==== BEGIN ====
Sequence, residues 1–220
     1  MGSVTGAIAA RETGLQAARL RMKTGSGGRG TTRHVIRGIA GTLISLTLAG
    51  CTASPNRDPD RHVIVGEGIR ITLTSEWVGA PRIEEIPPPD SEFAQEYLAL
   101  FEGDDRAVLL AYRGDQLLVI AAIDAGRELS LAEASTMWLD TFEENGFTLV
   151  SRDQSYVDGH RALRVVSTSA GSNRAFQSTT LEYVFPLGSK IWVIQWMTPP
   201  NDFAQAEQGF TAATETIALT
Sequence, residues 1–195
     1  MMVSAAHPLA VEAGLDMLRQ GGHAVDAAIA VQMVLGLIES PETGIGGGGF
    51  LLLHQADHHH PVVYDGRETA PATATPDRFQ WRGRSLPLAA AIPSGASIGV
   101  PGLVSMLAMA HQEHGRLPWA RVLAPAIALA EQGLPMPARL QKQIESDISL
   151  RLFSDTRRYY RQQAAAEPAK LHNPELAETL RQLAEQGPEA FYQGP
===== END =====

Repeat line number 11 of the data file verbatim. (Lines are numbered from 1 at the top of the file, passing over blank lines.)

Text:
   151  RLFSDTRRYY RQQAAAEPAK LHNPELAETL RQLAEQGPEA FYQGP